Equity markets in Europe are firmly in the red as the warning from the IMF yesterday has finally sunk in.
The group anticipates the world economy could contract by 3% this year. The update was in stark contrast to the forecast it issued three months ago, when it projected worldwide growth of 3.3%. The eurozone was in a relatively weak position before the pandemic, and according to the IMF its outlook is particularly bleak, as the currency area might experience a contraction of 7.5% this year.
Yesterday, European equity markets reopened after the Easter break. It wasn’t an exciting trading session despite the fact that Spain and Italy had loosened some of their restrictions regarding their lockdowns. Looking back at it, the absence of a sharp move higher on the rolling back of some of the restrictions, highlighted the not-so-hot sentiment.
Much of the ground that European equities have made since mid-March was fuelled by rescue schemes, and more recently, the levelling-off of the rate of infections, but traders are facing up the prospect of a painful economic downturn.
Ocado continues to do well as the online grocery store has been very popular in recent weeks due to the social-distancing policy. With the lockdown likely to be extended, Ocado are likely to remain high on traders shopping list.
Costain shares have surged today as the engineering group was given the green light for a joint venture project on HS2, the contact is worth £3.3 billion.
House builders are still suffering from the OBR’s awful forecast yesterday. The body predicts the British construction industry could contract by 70% in the second-quarter. Vistry has fallen the most today, it is down over 8%.
The mood on Wall Street is negative as traders digest the grim economic reports. In March, retail sales tumbled by 8.7%, and the New York Fed manufacturing index for April dropped to -78.2, its worst reading on record. With data like this, one can see why the IMF feel the world is in for a horrendous recession.
Once upon a time, traders were fixated on how much revenue banks were deriving from their trading units, but in this reporting season, the provisions for bad debts from loan defaults are in focus. Citigroup upped its loan loss reserve by $4.9 billion. Earnings were dented because of the surge in the provision. EPS were $1.05, which was a big fall from the $1.87 registered one year ago. The bank’s bond and equity trading departments both posted 39% increases in revenue. Bank of America set aside $3.6 billion for bad loans. The firm is heavily exposed to the retail banking sector, and the division saw profit slump by 45%.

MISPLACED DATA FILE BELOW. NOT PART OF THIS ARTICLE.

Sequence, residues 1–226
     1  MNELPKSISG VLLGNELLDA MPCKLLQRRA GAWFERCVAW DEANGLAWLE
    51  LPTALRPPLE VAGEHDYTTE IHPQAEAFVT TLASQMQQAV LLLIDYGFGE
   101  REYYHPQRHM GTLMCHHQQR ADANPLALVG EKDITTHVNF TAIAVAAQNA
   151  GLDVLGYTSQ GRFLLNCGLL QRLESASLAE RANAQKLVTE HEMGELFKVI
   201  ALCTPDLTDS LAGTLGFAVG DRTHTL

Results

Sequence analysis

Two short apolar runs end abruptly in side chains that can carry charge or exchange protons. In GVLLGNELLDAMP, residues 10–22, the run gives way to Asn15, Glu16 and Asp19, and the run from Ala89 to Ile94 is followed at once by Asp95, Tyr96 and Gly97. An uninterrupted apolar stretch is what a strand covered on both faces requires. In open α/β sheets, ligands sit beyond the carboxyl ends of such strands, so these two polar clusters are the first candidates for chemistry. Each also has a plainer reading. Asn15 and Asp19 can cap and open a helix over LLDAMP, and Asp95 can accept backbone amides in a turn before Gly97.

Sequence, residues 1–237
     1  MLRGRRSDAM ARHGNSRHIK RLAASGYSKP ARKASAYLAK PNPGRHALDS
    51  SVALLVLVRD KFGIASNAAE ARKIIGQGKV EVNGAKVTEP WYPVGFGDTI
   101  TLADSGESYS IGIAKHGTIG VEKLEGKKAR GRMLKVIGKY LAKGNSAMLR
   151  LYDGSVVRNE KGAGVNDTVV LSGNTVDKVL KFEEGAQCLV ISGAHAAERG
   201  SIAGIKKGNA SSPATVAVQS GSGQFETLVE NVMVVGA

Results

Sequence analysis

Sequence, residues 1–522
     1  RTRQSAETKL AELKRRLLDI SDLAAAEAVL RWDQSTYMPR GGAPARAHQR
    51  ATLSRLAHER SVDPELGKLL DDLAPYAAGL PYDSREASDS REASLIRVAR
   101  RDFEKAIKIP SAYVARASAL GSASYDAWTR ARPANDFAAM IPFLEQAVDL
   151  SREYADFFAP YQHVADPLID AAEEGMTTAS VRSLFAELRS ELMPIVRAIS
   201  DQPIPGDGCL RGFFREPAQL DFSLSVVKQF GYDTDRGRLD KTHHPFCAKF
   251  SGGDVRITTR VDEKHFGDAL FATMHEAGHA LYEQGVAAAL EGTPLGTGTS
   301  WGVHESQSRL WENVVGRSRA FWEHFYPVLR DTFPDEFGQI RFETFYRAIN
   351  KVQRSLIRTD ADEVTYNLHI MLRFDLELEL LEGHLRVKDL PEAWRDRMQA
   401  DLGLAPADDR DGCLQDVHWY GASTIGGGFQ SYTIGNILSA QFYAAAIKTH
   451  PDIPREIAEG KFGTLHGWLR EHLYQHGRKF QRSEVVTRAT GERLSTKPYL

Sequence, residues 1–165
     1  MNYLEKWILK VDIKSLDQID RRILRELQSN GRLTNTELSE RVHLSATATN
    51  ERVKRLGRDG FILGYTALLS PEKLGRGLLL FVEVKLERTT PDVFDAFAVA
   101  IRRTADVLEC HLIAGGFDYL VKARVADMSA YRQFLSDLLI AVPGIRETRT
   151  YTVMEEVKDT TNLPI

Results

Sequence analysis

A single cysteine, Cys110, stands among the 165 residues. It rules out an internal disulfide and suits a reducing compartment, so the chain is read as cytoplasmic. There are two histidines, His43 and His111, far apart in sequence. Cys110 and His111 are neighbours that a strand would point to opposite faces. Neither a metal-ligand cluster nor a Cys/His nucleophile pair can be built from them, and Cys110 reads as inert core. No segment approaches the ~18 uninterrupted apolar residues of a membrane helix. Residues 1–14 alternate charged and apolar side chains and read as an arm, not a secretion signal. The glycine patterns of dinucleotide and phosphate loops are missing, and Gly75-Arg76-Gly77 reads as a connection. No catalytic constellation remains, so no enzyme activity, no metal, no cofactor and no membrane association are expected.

The airline industry is in focus today as it was bailed out by Washington DC to the tune of $25 billion. The move is a part of the $2.2 trillion rescue scheme was that revealed last month. The Trump administration provided assistance to the blighted sector as the industry has been one of the worst impacted by the health crisis. The funds will be solely used by airlines to pay their employees. There is a separate lending scheme, which airlines can avail of too – credit can be hard to come by these days, so the government are providing help. It is was reported that American Airlines, Delta Air, and South West Air accounted for more than half of the $25 billion aid programme.
It’s not all doom and gloom out there, as Netflix shares hit a record-high. The government imposed lockdowns are clearly helping the company. In a strange way, the streaming service has a captive audience.
After being in a down trend for over one week, the US dollar has rebounded, as short covering and bargain hunting have lifted the currency. The upward move in the greenback has hurt EUR/USD and GBP/USD. It was a quiet day in terms of economic reports from Europe. The final reading of French CPI for March was 0.8%, a slight improvement on the flash report, which was 0.7%. Italian CPI for last month was 0.1% - which highlights how weak demand is in the country. The greenback is higher today despite the dreadful economic indicators from the country, but seeing as the US dollar index fell to its lowest level in over two weeks yesterday it would appear that a lot of bad news was already baked into the currency.
The CMC AUD index is down over 1.4% as the declines in commodities has hammered the Australian dollar. The currency falls into the risk-on category, and seeing are traders are not in the mood to take on risk today, it is under enormous pressure. On the other side of the coin, the yen is in demand – a clear sign of risk-off sentiment.
The Bank of Canada kept rates on hold at 0.25% meeting economists’ forecasts. The central bank confirmed it will keep purchasing C$5 billion worth of government bonds every week, in addition to that, a provincial bond buying scheme has been announced too – it will be up to C$50 billion. USD/CAD is up 1.5% on the day, the weak oil market has hurt the Canadian dollar.
Gold is slightly offside today due to the move higher in the US dollar. The two markets typically have an inverse relationship and that is playing out today. Gold is traded in US dollars so the more expensive the greenback becomes, the more costly gold becomes too, hence its fall. Gold is in the red today, but it is worth noting it hit a level last seen in 2012 yesterday, so a pullback isn’t a huge shock.
Oil is enduring another sizeable fall as demand fears persist. The International Energy
Agency cautioned there is no feasible production cut agreement available that will offset the fall in demand. Earlier in the session, WTI fell to its lowest mark since 2002, but it is off the lows of the day. The latest EIA report showed that US stockpiles were 19.24 million barrels, topping forecasts. The update underlines the weak demand.